Estonian soldiers take part in a parade during an event to celebrate 97 years since first achieving independence in 1918, on February 24, 2015 in Narva, Estonia
Narva (Estonia) (AFP) - Estonia marked its independence day Tuesday with a military parade featuring NATO hardware and troops on its eastern border with Russia amid heightened east-west tensions over Ukraine.
Around 100 British, Dutch, Spanish, Latvian and Lithuanian troops marched in the snow alongside some 1,300 Estonian soldiers to mark the independence of the formerly Soviet-ruled republic, now a member of the European Union and NATO.
"History has taught us that if we do not defend ourselves, nobody else will," General Riho Teras, Estonia's chief of staff, said at the parade.
"The events in Ukraine that have kept the entire world awake, demonstrate very clearly that we ourselves must maintain security," he added.
Two US Stryker armoured personnel carriers and a number of Dutch CV90 tanks were also on parade, equipment NATO has brought into the Baltics for a wave of exercises on the heels of Russia's 2014 annexation of Ukraine's Crimean peninsula and subsequent meddling in that country's east.
The annual parade has taken on particular importance this year in the context of jitters in the Baltic countries.
Holding the parade in Narva on the Russian border, where a majority of residents are ethnic Russian, was seen by commentators as sending a strong signal to Moscow about NATO's committment to collective defence.
General Adrian Bradshaw, NATO's Deputy Supreme Allied Commander Europe, said last week that Russia could try to seize territory from the alliance's states off the back of fighting in Ukraine.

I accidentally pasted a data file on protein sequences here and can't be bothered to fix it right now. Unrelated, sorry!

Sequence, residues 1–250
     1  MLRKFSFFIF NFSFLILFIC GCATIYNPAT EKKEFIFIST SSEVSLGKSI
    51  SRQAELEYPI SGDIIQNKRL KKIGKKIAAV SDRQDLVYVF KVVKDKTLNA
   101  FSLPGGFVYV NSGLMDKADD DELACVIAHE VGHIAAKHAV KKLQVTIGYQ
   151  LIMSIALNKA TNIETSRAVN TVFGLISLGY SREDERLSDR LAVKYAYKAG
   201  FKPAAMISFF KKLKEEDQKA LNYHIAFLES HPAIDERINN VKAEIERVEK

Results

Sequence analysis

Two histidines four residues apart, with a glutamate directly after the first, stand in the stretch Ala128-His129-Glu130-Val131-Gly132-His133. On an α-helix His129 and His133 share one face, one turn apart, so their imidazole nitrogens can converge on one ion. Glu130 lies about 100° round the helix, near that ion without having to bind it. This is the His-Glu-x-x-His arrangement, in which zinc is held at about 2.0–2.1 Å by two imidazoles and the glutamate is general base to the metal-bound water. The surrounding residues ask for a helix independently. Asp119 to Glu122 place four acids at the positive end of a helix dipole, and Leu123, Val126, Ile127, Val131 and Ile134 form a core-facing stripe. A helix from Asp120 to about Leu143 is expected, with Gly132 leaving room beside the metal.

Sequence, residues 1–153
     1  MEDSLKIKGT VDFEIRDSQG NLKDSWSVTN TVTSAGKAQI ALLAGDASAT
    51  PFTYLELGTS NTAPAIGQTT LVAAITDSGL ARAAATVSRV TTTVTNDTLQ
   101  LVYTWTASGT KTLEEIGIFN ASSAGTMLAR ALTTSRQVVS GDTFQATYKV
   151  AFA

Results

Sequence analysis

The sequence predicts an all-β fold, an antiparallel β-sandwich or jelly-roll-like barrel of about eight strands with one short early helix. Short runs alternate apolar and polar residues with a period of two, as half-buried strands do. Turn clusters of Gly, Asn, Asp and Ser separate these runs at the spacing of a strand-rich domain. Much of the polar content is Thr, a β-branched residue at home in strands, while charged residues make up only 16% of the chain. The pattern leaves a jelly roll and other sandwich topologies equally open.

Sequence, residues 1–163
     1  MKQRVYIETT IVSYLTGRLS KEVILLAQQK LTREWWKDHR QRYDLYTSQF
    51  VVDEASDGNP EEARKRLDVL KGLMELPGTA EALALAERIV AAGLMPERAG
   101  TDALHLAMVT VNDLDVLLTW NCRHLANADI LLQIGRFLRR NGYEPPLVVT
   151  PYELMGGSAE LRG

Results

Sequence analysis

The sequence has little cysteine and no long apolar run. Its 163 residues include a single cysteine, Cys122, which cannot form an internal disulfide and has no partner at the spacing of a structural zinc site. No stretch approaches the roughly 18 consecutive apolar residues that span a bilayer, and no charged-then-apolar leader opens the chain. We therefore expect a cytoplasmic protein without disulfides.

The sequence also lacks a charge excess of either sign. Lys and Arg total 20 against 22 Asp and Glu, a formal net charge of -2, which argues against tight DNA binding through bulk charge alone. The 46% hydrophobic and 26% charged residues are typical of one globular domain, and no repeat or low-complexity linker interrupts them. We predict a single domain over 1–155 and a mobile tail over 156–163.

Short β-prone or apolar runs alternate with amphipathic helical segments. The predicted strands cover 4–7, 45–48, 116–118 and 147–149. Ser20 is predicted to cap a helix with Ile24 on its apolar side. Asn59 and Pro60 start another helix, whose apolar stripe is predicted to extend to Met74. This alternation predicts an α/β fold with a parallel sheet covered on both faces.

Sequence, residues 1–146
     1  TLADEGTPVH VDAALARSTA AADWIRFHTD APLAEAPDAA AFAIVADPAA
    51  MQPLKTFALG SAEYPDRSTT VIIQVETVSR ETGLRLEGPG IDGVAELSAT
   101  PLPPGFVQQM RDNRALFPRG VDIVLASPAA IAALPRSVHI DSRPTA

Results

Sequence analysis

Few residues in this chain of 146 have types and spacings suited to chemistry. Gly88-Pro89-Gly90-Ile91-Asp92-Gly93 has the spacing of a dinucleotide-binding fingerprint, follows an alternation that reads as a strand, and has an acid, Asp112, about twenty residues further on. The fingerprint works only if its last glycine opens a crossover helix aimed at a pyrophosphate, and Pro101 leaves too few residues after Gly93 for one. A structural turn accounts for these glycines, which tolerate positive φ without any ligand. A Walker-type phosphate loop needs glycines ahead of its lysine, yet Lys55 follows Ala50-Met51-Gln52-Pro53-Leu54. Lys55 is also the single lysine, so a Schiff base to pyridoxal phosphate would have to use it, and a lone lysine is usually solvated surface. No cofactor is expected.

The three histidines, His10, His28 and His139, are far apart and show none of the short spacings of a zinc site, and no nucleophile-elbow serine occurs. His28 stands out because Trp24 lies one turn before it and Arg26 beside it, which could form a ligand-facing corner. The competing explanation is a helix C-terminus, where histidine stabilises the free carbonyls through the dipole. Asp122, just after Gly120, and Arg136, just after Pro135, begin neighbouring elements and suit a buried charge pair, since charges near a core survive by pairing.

British Defence Secretary Michael Fallon reportedly also told journalists last week that there was a "real and present danger" to Latvia, Lithuania and Estonia.
However, few ethnic-Russian Narva locals who came to the parade seemed to echo fears of a Russian intervention.
"In my opinion national security is blown up by the press, it's nothing serious, everything is okay, no one is going to attack anyone," said 55-year-old Yuri Melnikov.
Elvira Neimann, 77, said she's been living in Narva since the end of the Second World War in 1945: "I feel part of Estonia, not Russia."
"We're all tolerant people, Russia is our friendly neighbour," she told AFP.
Lithuania said Tuesday it would return to limited conscription later this year as concern mounts over Russian military exercises near NATO Baltic states.
The Soviet Union annexed the three small states during World War II. They won independence in 1991 and have had rocky ties with Moscow ever since.